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Adjusting to Learning at Home

November 30, 2020 • Our Blog • General Health
Parents and children are still adjusting to an unprecedented, unpredictable school year. Here’s how to make the transition go a little smoother. With countless children attending school remotely and many parents working from home, families do not have a proven playbook for navigating the 2020-2021 school year. While this situation is far from ideal, there are a number of ways to make this unusual school year go a little smoother. With a healthy dose of patience and some careful strategizing, parents can help their children make the transition to remote learning as seamlessly as possible.

Creating a School-from-Home Space

One of the best ways to get your child into “school mode” at home is to create a designated space for schoolwork. While a desk is the most obvious option, if your family doesn’t have a spare desk in the house, a corner of the kitchen table or even a bedside table with a chair pulled up will do. The key is to ensure this space is only used for focusing on learning and schoolwork during this time in which many students don’t have a separate school building for that purpose.

Keep a Consistent Schedule

With previous routines and schedules out the window, it’s important to create some structure in your child’s day. Especially in such an uncertain time, predictability can create a sense of safety and security, which can soothe worries about virtual schooling. Craft a schedule with blocks of time dedicated to work, meals, and physical activity. Keep the blocks of time consistent, but don’t be overly concerned about making each day identical — switch up the day’s exercise to keep your child engaged and change up snacks and lunches to prevent monotony. To give your child agency in their day, consider setting aside three hours in the morning and three hours in the afternoon for school work, but let your child choose which subjects to work on at which time.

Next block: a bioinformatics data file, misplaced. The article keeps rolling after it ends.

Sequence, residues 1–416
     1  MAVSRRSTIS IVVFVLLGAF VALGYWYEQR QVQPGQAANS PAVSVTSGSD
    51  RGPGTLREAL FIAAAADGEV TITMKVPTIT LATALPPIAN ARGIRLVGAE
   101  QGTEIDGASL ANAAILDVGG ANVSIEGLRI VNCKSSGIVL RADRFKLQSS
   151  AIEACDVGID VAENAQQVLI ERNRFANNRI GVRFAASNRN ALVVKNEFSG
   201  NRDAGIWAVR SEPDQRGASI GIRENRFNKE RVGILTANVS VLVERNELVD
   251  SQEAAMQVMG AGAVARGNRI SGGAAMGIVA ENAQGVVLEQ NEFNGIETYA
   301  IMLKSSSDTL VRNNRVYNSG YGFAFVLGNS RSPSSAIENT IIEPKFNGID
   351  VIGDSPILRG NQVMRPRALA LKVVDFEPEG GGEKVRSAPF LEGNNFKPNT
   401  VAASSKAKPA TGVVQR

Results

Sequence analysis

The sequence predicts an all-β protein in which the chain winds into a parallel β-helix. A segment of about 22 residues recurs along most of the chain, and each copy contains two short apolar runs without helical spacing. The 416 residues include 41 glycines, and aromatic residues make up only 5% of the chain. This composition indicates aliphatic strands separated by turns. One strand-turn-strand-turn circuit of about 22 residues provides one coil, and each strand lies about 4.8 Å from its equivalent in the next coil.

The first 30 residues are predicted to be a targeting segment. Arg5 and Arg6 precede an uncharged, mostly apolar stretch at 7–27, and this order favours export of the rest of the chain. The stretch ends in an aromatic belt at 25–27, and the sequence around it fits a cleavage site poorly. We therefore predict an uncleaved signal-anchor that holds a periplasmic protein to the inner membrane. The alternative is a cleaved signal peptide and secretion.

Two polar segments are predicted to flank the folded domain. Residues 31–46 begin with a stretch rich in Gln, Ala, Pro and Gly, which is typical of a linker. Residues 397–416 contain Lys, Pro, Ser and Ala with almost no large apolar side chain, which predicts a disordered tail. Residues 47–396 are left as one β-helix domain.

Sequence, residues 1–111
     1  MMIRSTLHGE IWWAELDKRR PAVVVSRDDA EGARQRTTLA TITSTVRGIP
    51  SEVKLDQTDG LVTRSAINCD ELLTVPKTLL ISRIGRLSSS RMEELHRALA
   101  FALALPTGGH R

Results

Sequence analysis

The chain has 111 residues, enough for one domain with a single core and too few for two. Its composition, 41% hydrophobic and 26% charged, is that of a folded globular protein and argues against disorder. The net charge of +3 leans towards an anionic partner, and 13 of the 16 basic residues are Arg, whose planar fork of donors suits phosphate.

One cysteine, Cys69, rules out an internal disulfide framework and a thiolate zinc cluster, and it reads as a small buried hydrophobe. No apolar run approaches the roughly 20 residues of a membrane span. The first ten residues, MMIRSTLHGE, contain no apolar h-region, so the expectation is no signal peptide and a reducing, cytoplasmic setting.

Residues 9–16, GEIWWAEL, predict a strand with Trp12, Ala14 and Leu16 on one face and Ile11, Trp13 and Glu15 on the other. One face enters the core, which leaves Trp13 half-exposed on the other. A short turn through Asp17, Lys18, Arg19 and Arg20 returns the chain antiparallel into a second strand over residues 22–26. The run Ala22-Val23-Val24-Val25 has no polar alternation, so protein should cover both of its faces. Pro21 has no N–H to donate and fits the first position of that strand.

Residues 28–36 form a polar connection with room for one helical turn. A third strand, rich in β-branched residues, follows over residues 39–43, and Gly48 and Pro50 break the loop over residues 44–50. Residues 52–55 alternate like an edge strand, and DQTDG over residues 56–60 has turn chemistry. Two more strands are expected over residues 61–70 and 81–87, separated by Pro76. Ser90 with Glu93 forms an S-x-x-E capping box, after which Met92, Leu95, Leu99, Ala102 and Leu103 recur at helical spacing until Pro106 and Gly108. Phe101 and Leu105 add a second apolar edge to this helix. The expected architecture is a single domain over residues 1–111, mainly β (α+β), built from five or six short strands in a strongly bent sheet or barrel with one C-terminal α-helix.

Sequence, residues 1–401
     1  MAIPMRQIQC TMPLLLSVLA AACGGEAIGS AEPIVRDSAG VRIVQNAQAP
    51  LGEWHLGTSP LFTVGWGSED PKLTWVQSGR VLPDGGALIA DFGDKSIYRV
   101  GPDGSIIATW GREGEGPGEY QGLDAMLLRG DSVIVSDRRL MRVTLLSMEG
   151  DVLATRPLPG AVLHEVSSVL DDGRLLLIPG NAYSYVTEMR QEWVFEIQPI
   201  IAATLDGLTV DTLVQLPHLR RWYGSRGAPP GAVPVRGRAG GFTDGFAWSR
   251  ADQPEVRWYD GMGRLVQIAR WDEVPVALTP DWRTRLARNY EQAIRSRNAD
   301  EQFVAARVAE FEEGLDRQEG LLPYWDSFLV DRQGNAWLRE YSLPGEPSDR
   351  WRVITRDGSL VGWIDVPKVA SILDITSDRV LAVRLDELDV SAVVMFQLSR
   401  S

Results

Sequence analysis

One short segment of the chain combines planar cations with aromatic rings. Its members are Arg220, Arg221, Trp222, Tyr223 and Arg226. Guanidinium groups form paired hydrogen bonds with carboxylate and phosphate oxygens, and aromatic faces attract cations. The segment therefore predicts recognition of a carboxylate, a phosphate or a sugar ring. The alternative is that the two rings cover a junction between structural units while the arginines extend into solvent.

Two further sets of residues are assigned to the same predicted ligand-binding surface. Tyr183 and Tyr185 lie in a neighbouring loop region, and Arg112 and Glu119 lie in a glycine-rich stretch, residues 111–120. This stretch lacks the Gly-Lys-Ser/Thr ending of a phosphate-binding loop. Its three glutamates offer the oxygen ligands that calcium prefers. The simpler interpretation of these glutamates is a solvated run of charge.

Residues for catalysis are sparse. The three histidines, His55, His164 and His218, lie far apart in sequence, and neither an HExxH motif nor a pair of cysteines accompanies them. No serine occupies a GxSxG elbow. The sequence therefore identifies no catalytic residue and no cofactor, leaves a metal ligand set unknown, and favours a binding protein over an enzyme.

Consider Leveraging Extrinsic Motivation

Despite your efforts to keep your child on track via their workspace and schedule, they may still struggle to find motivation learning virtually. If that’s the case for your child, consider setting up a reward system. If your child is younger, you could give them a sticker, check mark, or piece of candy when they complete certain tasks. Older children may be motivated by being able to choose what’s for dinner or make a selection for family movie night.

Prepare to Be Flexible

Because there’s no playbook for virtual schooling, the best way to prepare is to acknowledge that no one has all the answers. Expect to be flexible throughout the year, seeing what does and doesn’t work for your child and family and adjusting accordingly. If you need help developing a school year routine that calms and motivates your child while giving you the space and time you need to work from home, reach out to Kids’ Health. Our pediatric practice is dedicated to helping your child reach their best physically, emotionally, and academically, and if your child is struggling to stay focused and remain positive during this odd school year, we can help. Contact us today!...